Results from the study can be extrapolated to other tumor types in the sense that, when the aim is to allocate or adapt individually tailored treatment, a selection of parameters provides the potential for precise tumor characterization and stratification. Depending on the treatment options at hand, individual tumor profiles or grouping of most uniform tumors can be established with the help of a distinct panel of IHC markers. This precludes analyzing an extensive number of classification parameters.

Care should be taken that the number of chosen characterizing parameters is not too small either. In this study, we found relatively low accuracies when less than 6 IHC parameters were combined for classification. Instead of administering exogenous IHC markers, molecular PET tracers with a more defined imaging spectrum than 18F-FDG, such as tracers for hypoxia or proliferation rate [55], can potentially complement IHC analyses by visualizing the entire tumor for presence of certain tumor mechanisms relevant for treatment.

Conclusions

In this study, we used a systematic analysis to demonstrate that features of different quantifying methods characterize head and neck tumor lines effectively and complement each other. Multiple IHC and 18F-FDG PET parameters and texture features categorized individual tumors as adequate as possible. However, a select set of IHC marker parameters representing tumor metabolism, proliferation, hypoxia and blood perfusion could already allocate individual tumors to the appropriate HNC line, in an array of 14 HNC lines, with high reliability. Selected IHC texture features complemented IHC parameters for optimal characterization accuracy. 18F-FDG PET parameters and texture features were of minor additional value to the classification accuracy of IHC parameters alone. 18F-FDG as a marker may be too multifactorial influenced to distinguish microenvironmental or molecular differences between HNC lines.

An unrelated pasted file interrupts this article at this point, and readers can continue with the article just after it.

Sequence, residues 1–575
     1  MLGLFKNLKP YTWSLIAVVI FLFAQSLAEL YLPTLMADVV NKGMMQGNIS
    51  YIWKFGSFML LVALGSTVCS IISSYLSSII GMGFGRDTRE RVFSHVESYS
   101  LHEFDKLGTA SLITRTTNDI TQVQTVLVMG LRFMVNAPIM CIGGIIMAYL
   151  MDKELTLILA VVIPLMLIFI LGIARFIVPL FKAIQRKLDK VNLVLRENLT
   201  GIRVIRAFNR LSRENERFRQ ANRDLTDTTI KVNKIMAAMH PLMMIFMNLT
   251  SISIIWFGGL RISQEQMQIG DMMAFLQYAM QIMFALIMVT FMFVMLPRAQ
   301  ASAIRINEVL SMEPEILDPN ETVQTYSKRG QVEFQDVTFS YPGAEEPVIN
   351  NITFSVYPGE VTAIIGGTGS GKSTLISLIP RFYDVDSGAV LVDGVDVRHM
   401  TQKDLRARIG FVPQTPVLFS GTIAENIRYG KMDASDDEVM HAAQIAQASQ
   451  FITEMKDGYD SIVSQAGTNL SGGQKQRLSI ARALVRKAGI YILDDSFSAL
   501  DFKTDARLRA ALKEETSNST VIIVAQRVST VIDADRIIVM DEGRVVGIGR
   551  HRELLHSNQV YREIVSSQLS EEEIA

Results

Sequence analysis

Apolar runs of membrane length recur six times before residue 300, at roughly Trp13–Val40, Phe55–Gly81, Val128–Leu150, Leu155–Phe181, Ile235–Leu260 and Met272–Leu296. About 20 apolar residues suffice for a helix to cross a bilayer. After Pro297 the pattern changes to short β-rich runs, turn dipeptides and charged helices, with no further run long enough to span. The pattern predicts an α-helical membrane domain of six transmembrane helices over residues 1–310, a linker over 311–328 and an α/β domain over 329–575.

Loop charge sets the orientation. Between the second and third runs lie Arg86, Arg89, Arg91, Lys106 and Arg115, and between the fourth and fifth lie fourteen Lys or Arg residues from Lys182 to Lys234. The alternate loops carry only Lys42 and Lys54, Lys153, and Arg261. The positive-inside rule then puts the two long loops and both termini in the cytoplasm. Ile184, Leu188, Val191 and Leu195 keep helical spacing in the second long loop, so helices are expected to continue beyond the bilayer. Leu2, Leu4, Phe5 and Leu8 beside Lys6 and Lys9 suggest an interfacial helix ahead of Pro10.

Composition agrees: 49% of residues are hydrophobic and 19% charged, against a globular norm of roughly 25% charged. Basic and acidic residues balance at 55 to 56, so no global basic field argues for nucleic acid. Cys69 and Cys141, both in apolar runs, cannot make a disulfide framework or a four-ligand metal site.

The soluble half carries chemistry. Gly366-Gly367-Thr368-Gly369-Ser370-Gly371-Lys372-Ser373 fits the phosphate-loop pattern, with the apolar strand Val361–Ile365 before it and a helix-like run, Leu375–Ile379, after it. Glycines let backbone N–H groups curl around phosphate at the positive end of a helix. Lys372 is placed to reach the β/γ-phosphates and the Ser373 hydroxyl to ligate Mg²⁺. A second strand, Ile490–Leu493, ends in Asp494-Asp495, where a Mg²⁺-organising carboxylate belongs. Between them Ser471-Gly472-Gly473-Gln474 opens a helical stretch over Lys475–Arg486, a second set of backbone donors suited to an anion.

Notes

Abbreviations

BrdU: 

Bromodeoxyuridine

CA9: 

Carbonic anhydrase-9

CI: 

Confidence interval

57Co: 

Cobalt-57

EGFR: 

Epidermal growth factor receptor

18F-FDG: 

2-[18F] fluoro-2-deoxy-D-glucose

GBq: 

Gigabecquerel

GLUT1: 

Glucose transporter-1

HE: 

Hematoxylin and eosin

HNC: 

Head and neck cancer

IHC: 

Immunohistochemistry

i.p.: 

Intraperitoneal

i.v.: 

Intravenous

MAP: 

Maximum a posteriori

MBq: 

Megabecquerel

MCT4: 

Monocarboxylate transporter-4

MEC: 

Mucoepidermoid carcinoma

OOB: 

Out-of bag

OSEM3D: 

3-dimensional ordered subset expectation maximization

PA: 

Primary antibody

pAKT: 

Phosphorylated protein kinase B

PET: 

Positron emission tomography

PF: 

Perfused fraction

PIMO: 

Pimonidazole (1-[(2-hydroxy-3-piperidinyl)propyl]-2-nitroimidazole hydrochloride)

SCC: 

Squamous cell carcinoma

SD: 

Standard deviation

SUV: 

Standardized uptake value

T/M: 

Tumor-to-muscle ratio

VD: 

Vascular density

VOI: 

Volume of interest.

Declarations

Acknowledgements

We thank the central animal research facility staff, of whom especially Bianca Lemmers-Van de Weem and Kitty Lemmens-Hermans for technical assistance, and Peter Laverman, Gerben Franssen, Maarten Blok, Wenny Peeters, Hans Peters, Hanneke Stegeman, Marlous Wennemers, Monique Nijkamp, Jasper Lok (Radboud University Medical Center) and Natasja Lieuwes (MAASTRO) for their contribution to the collection of data. We acknowledge financial support from CTMM (Airforce), EU 7th framework program (METOXIA, ARTFORCE), EU IMI program (QuIC-ConCePT) and NIH-QIN (Radiomics of NSCLC U01 CA143062). This study was conducted with the support of the Ontario Institute for Cancer Research to PCB through funding provided by the Government of Ontario.

Authors’ Affiliations

(1)
Department of Radiation Oncology, Radboud University Medical Center
(2)
Department of Radiation Oncology (MAASTRO), GROW - School for Oncology and Developmental Biology, Maastricht University Medical Center
(3)
Informatics and Bio-computing Platform, Ontario Institute for Cancer Research
(4)
Department of Medical Biophysics, University of Toronto
(5)
Department of Pharmacology and Toxicology, University of Toronto

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  56. Pre-publication history

    1. The pre-publication history for this paper can be accessed here:http://www.biomedcentral.com/1471-2407/14/130/prepub